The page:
Happy 90th birthday, Chuck Berry: “You Can’t Catch Me” (1956)


Chuck Berry turns 90 today.  If we have to pick one figure in American pop to whom the charts have not been kind, my vote likely goes to him.

You certainly know the story of Chuck: born in St. Louis, went to Chicago, cut a few important sides for Chess in the 50s, faded out, made a comeback in the 70s, kept prominent by nostalgia, and never really got the credit he was due.  But the placement of Berry’s records on the pop charts is nothing short of criminal. I’ve written – nay, dissertated – on the exclusion and/or suppression of Black artists on local station charts, and it’s probably safe to say that that effect on Berry’s music is notable.  That’s not to say that Berry didn’t have his legal issues and scandals. His time in prison for allegedly violating the Mann Act (famously portrayed incorrectly in Cadillac Records was trickier to come back from than, say, Elvis’ time in the Army. Tax issues hounded Berry for years.  (A former radio colleague told a story of his station hiring Berry to play a “shower of stars” type concert, and refusing to perform unless he was paid in cash in a brown paper bag before the gig.) But if we are able to separate the misdeeds from the music, what is left is an impressive catalog that somehow only features “My Ding-a-Ling” (1972) as his only Number One hit, proving that life is not fair.

I could craft a pretty decent mixtape of Chuck Berry songs that didn’t make the Top 40.

No Money Down” (1955)

Too Much Monkey Business” (1956)

Sweet Little Rock and Roller” (1958)

Little Queenie” (1959)

Let It Rock” (1960)

Come On” (1961)

and, of course, the featured song in this piece, “You Can’t Catch Me.”  If we were to extend the list to stuff below 20 on the chart, it’s a solid album.

All that needs to be said about is that the same flattop that is “movin’ up with me” in this record is later “groovin’ up slowly” in the Beatles’ “Come Together.” (Not enough? T. Rex’s “Meanwhile, I’m still thinkin'” from “Bang a Gong” comes from “Little Queenie.”) Berry’s music was an influence on them and many other British musicians.  The  Stones covered “Come On” at the beginning of their career and made a pilgrimage to Chicago to record at the Chess studios in an attempt to capture the sound of their heroes.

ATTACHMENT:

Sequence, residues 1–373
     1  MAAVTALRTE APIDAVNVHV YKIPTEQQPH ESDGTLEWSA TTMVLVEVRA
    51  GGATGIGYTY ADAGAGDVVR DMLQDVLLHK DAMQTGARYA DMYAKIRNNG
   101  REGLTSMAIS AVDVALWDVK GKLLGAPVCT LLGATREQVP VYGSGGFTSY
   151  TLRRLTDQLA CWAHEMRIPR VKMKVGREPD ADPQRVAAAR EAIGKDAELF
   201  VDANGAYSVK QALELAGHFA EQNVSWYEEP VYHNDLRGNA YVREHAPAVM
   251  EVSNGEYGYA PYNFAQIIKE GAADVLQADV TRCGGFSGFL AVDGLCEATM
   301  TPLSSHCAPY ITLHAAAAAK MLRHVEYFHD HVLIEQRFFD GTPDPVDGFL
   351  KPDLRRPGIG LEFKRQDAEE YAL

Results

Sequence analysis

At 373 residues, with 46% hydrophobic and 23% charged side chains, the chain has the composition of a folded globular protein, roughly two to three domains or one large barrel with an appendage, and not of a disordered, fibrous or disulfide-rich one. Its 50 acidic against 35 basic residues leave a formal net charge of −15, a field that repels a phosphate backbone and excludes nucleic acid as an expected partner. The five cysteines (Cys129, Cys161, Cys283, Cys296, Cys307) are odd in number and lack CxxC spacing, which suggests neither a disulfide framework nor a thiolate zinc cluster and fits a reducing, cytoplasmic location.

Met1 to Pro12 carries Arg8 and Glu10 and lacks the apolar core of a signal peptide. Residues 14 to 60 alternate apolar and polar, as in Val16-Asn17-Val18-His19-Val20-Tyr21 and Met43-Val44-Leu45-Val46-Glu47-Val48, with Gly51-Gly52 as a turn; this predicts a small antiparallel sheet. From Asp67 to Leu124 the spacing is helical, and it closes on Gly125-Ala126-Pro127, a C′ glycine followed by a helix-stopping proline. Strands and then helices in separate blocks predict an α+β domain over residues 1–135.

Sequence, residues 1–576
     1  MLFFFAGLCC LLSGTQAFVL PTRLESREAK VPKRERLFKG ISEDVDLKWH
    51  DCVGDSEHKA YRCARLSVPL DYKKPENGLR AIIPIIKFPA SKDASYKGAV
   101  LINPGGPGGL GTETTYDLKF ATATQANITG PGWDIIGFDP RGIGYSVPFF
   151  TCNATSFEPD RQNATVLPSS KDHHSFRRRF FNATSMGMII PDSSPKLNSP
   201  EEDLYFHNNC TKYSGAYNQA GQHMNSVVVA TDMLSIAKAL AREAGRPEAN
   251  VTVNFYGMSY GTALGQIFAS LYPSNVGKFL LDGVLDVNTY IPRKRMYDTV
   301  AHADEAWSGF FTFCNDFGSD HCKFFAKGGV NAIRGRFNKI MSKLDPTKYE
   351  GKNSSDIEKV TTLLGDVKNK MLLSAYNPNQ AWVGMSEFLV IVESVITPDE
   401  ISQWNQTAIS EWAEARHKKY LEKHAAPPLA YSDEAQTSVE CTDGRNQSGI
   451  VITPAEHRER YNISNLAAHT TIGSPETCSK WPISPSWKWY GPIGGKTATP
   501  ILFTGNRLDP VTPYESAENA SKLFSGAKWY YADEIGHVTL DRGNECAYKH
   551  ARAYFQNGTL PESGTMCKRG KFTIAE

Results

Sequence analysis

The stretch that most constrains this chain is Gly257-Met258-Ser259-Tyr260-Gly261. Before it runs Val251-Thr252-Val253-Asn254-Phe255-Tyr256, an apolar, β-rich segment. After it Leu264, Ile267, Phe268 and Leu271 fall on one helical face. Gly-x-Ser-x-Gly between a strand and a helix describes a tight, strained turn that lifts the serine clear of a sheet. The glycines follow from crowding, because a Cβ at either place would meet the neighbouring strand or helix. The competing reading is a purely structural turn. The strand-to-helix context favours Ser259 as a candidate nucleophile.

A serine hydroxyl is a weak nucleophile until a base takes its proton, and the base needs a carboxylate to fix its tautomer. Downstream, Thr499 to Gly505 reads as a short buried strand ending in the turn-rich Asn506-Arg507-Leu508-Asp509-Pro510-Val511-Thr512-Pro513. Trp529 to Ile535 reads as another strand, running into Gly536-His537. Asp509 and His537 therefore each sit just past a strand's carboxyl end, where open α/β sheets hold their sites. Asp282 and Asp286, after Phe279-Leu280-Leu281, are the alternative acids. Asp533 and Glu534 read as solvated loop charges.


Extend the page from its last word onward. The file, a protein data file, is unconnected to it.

Oldies radio, as it has done with so many artists, hasn’t done Chuck many favors in terms of delving deep into his catalog.  But at least it helped to keep some of the music front and center so that when I enter a college classroom in 2016 I don’t get blank looks from students when I mention his name. Maybe Pulp Fiction is to thank for that.

Feel free to crank up a duckwalk-laden “You Can’t Catch Me,” as introduced by Alan Freed, by clicking here.


3 thoughts on “Happy 90th birthday, Chuck Berry: “You Can’t Catch Me” (1956)

  1. One of the most fascinating recollections in Twin Cities author Rick Shefchik’s book, ‘Everybody’s Heard About The Bird: The True Story Of 1960s Rock *N* Roll In Minnesota,’ came from Ron Butwin, the leader of a local group (The Escapades) whose first public appearance was as the opening act for a two-show Chuck Berry appearance in St. Paul on New Year’s Eve, 1964. The local band the promoter had hired was so sub-par that the Escapades gradually returned to the stage to back Chuck. He insisted they do likewise for the second show, then asked if they’d been paid yet. They hadn’t, having been promised they would be following the show..

    Chuck immediately grabbed Ron and hauled him down the corridors to the box office, insisted that the thugs guarding the door let the two of them in, then went nose to nose with the promoter, in a tense situation that involved guns. Even though he’d already been paid, Berry refused to go on for the second show until the Escapades had been paid, and the promoter finally agreed and handed over the cash. Chuck insisted that Butwin count it on the spot and Ron had been shorted by $300. More words were exchanged until the promoter grudgingly paid Ron in full.

    After the second show, Chuck hung around to prove his point to the band, instructing them to tell anyone who asked that they had not yet been paid.. First, the off-duty cops providing the security, then the head of concessions came up and asked if they’d gotten their money. To quote Ron from the book: “Now I start to see what’s going on. Everybody got stiffed. Everybody except Chuck Berry and us, because he did that. That was a lesson I’ll never forget.”


  2. Pingback: Leonard Chess at 100: Jackie Brentston and his Delta Cats, “Rocket 88” (1951) | 45 Ruminations Per Megabyte

  3. Pingback: RIP Chuck Berry: “Come On” (1961) | 45 Ruminations Per Megabyte

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